He added there had been significant progress in the fulfillment of civilian rights for both minority groups over the last 10 years.
“I’m asking the religious affairs minister, the education minister and the justice and human rights minister, as well as all related parties in both central and local administrations, to continue to improve the quality of their services so as to fulfil the civilian rights of the Confucian and ethnic Chinese communities,” Yudhoyono said in his address.
“In accordance with the 2006 Law on Citizenship, you (state officials) should not have any doubts about giving good service.
“There should be no more discriminatory treatment against anyone.”
The improvement of minority groups’ rights, the President added, could be found in marriage registrations, now available to Confucian couples.
It can also be seen in the education sector, with the Religious Affairs Ministry’s issuance of two regulations legalising the incorporation of Confucian teachings in school curricula.
“Also, the Centre for Religious Harmony now serves Confucianism. And there are no more problems now about the establishment of houses of worship for Confucians,” Yudhoyono said.
In response, Matakin’s Budi Tanuwibowo acknowledged the improving conditions, citing “three big occurrences” last year, including the issuance of the two ministerial regulations and the granting of a plot of land at the Taman Mini Indonesia Indah theme park to establish a Confucian temple, whose ground-breaking ceremony will take place Monday.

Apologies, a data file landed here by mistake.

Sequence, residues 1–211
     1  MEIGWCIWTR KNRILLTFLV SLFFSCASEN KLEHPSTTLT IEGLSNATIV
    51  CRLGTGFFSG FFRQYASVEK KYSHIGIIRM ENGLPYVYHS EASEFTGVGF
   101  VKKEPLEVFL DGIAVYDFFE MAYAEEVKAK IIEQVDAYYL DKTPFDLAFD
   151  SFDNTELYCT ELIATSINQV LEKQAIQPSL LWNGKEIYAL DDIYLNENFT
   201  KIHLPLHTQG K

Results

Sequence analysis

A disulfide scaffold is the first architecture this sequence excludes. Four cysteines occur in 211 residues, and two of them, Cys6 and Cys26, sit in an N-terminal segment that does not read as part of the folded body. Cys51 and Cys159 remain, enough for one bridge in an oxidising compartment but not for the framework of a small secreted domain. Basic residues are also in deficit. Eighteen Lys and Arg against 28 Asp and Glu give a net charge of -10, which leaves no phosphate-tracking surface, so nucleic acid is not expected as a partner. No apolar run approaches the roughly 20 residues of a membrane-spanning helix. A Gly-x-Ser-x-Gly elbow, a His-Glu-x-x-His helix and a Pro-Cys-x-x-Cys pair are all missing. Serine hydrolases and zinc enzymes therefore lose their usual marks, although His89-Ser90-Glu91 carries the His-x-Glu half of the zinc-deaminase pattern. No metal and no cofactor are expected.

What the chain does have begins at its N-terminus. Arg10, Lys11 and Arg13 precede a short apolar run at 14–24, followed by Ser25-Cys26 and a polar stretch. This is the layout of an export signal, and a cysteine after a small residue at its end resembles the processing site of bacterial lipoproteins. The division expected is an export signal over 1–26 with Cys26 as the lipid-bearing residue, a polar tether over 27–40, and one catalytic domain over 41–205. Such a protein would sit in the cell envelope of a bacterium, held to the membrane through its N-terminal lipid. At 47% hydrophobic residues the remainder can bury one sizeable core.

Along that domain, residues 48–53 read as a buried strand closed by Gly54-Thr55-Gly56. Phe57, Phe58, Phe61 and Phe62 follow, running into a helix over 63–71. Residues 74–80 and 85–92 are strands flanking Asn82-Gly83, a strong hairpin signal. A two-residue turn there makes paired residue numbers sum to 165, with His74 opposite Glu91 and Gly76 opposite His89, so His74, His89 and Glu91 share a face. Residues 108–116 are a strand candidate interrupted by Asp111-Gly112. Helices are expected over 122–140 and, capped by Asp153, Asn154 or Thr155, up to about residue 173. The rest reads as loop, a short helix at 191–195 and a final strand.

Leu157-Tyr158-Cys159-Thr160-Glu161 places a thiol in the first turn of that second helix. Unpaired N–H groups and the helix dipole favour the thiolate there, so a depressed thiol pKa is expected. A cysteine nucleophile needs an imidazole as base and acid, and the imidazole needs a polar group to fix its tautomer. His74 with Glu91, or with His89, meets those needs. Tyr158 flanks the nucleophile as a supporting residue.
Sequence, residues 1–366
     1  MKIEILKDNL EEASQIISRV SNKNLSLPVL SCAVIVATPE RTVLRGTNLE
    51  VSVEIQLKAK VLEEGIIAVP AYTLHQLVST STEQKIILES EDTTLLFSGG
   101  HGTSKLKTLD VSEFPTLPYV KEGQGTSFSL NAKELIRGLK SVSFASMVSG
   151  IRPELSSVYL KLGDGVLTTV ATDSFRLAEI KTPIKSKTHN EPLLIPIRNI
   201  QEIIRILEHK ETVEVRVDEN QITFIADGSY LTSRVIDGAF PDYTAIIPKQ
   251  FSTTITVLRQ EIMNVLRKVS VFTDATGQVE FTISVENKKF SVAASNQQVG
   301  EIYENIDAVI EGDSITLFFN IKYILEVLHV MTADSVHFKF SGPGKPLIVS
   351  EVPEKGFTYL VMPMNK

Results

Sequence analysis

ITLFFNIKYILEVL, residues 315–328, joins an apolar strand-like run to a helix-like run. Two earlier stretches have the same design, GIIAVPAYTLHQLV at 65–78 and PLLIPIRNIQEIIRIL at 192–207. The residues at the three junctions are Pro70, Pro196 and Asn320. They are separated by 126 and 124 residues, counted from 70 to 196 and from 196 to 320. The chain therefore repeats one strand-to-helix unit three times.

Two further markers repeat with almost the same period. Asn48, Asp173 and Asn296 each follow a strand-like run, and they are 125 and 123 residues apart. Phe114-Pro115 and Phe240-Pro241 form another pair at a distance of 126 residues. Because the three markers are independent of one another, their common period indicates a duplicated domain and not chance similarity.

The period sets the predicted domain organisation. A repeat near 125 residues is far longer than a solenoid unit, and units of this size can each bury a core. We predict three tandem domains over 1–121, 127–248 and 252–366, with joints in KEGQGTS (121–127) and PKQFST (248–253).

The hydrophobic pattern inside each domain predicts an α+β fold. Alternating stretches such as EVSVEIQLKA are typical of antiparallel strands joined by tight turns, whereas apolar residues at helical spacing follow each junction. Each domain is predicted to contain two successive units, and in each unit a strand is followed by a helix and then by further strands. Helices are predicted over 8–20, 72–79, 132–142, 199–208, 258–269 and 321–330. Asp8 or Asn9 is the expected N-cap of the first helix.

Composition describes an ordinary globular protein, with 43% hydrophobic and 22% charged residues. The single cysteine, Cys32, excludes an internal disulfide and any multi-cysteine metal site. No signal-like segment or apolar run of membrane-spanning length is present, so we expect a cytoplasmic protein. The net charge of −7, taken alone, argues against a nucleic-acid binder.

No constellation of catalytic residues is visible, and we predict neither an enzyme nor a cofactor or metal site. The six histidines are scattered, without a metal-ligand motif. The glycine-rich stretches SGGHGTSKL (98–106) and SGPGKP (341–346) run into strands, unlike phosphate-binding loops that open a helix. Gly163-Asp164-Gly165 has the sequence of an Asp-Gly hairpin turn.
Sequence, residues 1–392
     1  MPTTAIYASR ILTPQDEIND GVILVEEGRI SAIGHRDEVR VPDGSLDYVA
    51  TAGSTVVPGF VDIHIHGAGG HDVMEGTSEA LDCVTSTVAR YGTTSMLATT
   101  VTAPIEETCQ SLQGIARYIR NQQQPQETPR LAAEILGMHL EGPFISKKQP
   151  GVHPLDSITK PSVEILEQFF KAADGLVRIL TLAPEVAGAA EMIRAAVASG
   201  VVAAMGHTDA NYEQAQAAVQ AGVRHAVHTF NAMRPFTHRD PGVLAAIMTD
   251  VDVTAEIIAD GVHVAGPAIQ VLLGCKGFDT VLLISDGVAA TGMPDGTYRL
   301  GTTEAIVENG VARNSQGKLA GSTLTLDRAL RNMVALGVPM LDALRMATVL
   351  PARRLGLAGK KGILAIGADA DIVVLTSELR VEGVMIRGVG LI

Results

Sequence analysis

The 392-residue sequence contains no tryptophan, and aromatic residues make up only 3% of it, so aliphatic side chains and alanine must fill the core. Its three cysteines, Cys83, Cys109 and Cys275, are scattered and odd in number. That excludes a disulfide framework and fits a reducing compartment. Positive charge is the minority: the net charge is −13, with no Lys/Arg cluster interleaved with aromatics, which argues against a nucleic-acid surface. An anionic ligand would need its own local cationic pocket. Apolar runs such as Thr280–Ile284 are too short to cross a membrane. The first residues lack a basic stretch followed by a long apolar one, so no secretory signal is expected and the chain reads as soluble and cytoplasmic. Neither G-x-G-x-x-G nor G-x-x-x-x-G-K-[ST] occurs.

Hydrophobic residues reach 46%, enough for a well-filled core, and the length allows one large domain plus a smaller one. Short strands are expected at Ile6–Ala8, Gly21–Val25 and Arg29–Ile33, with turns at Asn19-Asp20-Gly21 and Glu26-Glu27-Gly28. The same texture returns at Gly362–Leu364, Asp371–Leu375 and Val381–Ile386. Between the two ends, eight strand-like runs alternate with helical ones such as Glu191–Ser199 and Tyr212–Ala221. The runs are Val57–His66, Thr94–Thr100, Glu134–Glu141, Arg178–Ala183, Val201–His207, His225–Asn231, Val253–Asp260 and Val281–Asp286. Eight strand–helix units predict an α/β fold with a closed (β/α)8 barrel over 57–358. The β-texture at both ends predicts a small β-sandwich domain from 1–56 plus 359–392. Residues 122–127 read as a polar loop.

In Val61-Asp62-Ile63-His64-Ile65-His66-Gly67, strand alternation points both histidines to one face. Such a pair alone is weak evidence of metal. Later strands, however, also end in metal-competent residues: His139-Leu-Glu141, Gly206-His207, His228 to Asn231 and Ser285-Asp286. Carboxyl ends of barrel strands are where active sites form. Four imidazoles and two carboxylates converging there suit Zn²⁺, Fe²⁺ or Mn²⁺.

Another “historic” occurrence was Yudhoyono’s attendance, the first ever by a president, at the celebration last October of Prophet Kong Zi’s 2559th birthday in Cibinong, West Java, Budi added.
“All problems (over the rights of Confucians and ethnic Chinese communities) are over now, except in the application of ID cards, which remains problematic in many regions,” he said.
Indonesia officially began celebrating Chinese New Year after former president Abdurrahman Wahid in 1999 annulled a 1967 presidential instruction banning all activities related to Chinese traditions, including the practices of Confucianism teaching.
Three years later, Wahid’s successor Megawati Soekarnoputri officially declared Chinese New Year a national holiday.
Yudhoyono, who is seeking another five-year term in office, seized upon Sunday’s event to ask Confucians to vote during the upcoming legislative and presidential elections. -- ANN/ The Jakarta Post
Malaysians tend to laugh at Indonesia due our pre-supposed progress. Reading this, I am uplifted by the maturity that this democracy is showing. Indonesians know that to survive, they need to work hard. This is because in Indonesia, there is no such thing as pribumi. Everybody is equal under their constitution hence, the smarter and harder worker will be able to survive.
“In accordance with the 2006 Law on Citizenship, you (state officials) should not have any doubts about giving good service.“There should be no more discriminatory treatment against anyone.”
I am no Confucioun but am happy for the Indonesians who are now able to practice and get their religion recognized. Would anybody from UMNO dare to utter what SBY said?